• A-Trav says:

    We jail our small criminals, while tipping our hats to the big ones.

  • Dave says:

    It is fair –

    He cheated, and he shouldn’t profit from cheating. It’s not unfair, but Lance is unlucky. He is the one that they are going after. Just because all of the other injustices of the world are not pursued with equal vigor at the same time does not make Lance’s situation unfair. Are other problems in the world more important? – probably. Just because we don’t attack all injustices in order of importance doesn’t make any of them unfair.

    • fsethd says:

      This is not correct. The administration of justice acknowledges a hierarchy of “badness” if you will. Certain crimes, i.e. those that wreck the financial system and steal trillions and ruin the lives of millions are worse than misdemeanor traffic offenses. Allocation of prosecutorial resources reflects this, or so we are told. This is why the DA is more interested in convicting a drug-dealing child molester than he is a jaywalker.

      The hierarchy breaks down as people become more rich and powerful, and you, my friend are wrong: That is unfair. It eviscerates the very notion of fairness, of justice, and of “blind justice.” When Lance is prosecuted to the limit of the law, and the bankers who stole trillions are reimbursed with your tax money, effectively stealing from you twice, are let off the hook, we are living in a terribly unfair and unjust system.

      Cyclists, it seems, can’t see Lance except for the bicycle. But it’s not about the bike. It’s about something much bigger than that.

      • Jeff says:

        Yeah its called Corporations.

      • channel_zero says:

        Fair shmair Wanky. Cash Rules Everything Around Me.

        The way the system is set up, going after Armstrong and getting a win is possible. The other thing you describe has no actionable anything.


        • fsethd says:

          There’s nothing wrong with despair; it certainly matches a very broad set of verifiable outcomes. But there are areas where fairness has been exercised and has worked, cf Section 5 of the Voting Rights Act — now under assault/repeal by Congress and the federal judiciary (5th Circuit).

          It’s too easy to say the system is rigged, of course it is rigged. I prefer to identify the Catch-22 and air it. Same with police brutality. Perhaps I can’t change it today, but trust me, with the video proof of what’s been happening for decades, there are people who simply won’t take it anymore.

    • Dave says:

      Your are spot on that there are bankers that are much worse than Lance. They should be prosecuted too. I’m not arguing that there shouldn’t be a hierarchy of criminals. But if we have to go after every bad guy in the world in order of badness, we would never get to the petty criminals at all, and that doesn’t seem right either.

      As long as the punishment fits the crime, then I’m okay if we go after Lance. I wish we could go after the other financial criminals first, or even at the same time, but I don’t think that its a good argument to say that because there are still worse people out there that that changes anything at all about how guilty Lance is.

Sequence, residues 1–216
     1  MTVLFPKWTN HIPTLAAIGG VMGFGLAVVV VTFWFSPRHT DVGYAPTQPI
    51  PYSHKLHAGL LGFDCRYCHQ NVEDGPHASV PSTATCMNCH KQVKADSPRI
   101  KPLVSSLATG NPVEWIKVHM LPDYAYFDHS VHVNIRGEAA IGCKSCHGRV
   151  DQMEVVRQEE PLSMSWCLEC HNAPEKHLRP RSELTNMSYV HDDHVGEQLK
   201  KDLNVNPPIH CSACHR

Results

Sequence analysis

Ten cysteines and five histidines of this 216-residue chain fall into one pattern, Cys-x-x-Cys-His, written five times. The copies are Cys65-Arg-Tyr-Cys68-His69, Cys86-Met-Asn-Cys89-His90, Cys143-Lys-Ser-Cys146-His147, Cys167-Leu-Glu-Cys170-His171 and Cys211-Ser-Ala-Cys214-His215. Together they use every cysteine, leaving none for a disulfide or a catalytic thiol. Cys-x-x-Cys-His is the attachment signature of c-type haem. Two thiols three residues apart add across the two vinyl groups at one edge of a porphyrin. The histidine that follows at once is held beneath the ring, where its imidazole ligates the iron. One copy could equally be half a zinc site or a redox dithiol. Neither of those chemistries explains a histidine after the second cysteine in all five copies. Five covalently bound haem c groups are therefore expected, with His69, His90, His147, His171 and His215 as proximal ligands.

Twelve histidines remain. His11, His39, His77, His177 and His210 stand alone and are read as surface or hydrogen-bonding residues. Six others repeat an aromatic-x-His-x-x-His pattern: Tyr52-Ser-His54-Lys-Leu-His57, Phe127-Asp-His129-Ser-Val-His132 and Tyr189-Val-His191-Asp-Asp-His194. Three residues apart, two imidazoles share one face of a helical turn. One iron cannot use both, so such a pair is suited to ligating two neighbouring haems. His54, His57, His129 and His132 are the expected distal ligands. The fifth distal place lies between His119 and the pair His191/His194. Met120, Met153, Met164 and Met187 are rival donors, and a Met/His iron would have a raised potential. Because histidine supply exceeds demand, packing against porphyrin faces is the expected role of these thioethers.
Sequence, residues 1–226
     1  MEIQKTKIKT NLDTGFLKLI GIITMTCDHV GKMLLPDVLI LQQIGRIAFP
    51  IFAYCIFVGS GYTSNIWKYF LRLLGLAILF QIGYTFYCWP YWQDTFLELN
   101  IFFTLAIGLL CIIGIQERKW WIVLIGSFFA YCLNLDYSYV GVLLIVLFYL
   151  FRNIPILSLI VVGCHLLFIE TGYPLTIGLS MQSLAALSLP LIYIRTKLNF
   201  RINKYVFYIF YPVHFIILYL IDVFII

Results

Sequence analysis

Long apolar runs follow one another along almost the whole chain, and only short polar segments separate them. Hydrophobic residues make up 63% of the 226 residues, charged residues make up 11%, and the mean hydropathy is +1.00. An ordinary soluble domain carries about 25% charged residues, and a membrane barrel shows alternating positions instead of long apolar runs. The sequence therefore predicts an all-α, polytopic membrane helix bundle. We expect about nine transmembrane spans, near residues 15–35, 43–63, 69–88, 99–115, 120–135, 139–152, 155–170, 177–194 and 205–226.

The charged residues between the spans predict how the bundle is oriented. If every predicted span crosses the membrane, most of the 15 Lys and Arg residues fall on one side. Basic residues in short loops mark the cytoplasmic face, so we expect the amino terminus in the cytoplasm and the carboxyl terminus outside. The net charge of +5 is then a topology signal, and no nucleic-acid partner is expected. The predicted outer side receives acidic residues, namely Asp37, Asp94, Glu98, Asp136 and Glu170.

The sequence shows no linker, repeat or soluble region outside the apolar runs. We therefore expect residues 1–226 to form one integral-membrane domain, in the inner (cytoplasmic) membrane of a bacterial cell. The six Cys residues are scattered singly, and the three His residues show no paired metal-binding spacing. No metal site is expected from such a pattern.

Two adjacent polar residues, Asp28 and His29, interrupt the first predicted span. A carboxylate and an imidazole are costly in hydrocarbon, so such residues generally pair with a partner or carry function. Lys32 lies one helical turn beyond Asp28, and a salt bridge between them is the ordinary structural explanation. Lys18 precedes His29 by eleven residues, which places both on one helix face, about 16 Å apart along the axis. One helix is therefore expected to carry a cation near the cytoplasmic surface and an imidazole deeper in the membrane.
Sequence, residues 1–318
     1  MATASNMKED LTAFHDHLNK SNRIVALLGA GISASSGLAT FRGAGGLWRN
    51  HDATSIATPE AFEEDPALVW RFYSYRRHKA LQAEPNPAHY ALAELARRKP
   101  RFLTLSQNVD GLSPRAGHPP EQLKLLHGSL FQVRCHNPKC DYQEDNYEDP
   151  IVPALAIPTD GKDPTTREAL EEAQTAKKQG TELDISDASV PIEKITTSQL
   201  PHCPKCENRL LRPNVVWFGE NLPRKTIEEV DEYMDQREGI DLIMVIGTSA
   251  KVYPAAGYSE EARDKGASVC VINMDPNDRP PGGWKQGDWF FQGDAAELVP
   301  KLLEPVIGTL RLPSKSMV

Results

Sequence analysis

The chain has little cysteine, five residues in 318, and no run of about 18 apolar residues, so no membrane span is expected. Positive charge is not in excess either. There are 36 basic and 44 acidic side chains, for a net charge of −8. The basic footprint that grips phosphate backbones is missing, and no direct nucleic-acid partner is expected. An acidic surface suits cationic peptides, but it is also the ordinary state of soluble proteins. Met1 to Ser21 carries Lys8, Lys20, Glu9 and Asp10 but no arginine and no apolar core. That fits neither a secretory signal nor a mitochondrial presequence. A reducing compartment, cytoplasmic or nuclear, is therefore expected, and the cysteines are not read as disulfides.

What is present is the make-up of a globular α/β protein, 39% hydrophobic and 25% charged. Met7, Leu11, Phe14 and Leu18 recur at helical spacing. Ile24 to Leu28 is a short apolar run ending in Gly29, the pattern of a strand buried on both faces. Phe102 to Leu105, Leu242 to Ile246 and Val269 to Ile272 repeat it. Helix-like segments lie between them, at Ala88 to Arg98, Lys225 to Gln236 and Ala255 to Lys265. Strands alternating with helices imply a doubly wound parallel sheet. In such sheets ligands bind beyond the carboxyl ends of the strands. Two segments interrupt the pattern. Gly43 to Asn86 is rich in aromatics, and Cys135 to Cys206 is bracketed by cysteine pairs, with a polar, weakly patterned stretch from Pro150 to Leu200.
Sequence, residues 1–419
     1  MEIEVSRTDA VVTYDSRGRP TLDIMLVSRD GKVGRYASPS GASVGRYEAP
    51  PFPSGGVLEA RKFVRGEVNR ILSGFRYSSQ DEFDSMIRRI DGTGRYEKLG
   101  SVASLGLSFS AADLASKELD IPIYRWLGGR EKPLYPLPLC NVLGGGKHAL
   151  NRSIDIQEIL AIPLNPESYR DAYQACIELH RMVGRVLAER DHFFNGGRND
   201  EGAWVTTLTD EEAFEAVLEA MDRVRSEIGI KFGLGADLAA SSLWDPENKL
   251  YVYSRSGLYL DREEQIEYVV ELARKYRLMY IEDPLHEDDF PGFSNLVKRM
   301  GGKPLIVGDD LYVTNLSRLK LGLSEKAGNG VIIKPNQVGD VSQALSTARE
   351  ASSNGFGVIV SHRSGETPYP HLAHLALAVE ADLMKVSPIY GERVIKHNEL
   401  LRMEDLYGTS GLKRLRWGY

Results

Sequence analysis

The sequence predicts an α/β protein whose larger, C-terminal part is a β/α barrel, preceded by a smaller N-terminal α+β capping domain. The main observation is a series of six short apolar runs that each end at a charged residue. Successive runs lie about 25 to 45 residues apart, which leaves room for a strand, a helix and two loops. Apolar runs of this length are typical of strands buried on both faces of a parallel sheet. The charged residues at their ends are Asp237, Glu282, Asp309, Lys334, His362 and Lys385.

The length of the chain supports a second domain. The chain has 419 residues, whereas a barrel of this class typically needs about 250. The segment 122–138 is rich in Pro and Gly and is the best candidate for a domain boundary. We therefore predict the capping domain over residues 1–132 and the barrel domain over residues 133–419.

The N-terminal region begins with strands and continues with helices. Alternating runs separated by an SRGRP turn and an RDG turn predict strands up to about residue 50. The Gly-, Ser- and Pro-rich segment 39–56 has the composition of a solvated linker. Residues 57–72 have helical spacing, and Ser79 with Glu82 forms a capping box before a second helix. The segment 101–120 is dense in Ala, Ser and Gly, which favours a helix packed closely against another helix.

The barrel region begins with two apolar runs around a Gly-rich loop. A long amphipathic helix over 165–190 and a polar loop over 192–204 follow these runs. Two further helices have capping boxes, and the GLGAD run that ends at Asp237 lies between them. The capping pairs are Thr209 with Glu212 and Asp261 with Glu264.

1. Are there people out there that are worse than Lance?
      2. Is Lance’s punishment appropriate?

      These two issues just aren’t connected

      • fsethd says:

        They are totally connected. This is the exact series of questions that the DOJ asks when it decides to join a civil case or to file criminal charges. Exactly these questions.

        That’s why it is so difficult to get the DOJ to intervene in a small BK fraud case, for example. They will straight up tell you that the case isn’t big enough, they are saving their resources for bigger cases.

        People don’t understand how crucial the issue of “are there people out there that are worse” is to whether a case gets prosecuted. You perfectly capture my point, but you quite naively think that it’s not true, or somehow irrelevant.

        The hierarchy of prosecution is the second most important step in “justice,” the first being whether the actions were brought to the attention of law enforcement in the first place.

        So, yes they are connected and that is why the focus on Lance is unfair, unjust, and wrong — even though from a moral perspective he certainly deserves his place in the Hall of Ignominy.

  • I thought his net worth was guesstimated north of $100,000,000.

    • fsethd says:

      I’ve heard that he’s down to his “last” $30 or $40 million. But that’s not really my point. Let’s assume that he can ride it out financially. The basic issue of fairness is still there. He may be the biggest fish in cycling, but is he really as important as the CEO of Countrywide, BOA, Deutsche Bank, HSBC, and the other people who ruined the global economy a few years back? How does the DOJ have the resources to go after him but not to go after the great white sharks?

      • Jeff says:

        What the hell does the DOJ say in their defense for not going after CEO of Countrywide, BOA, Deutsche Bank, HSBC, and the other people who ruined the global economy a few years back? Where’s the accountability?

        • fsethd says:

          They don’t say anything. Mum’s the word. By the way, thanks for your tax donation to the people who stole all that money.

  • Brian says:

    Spot on with everything you said, Seth. Great read!

  • E5 says: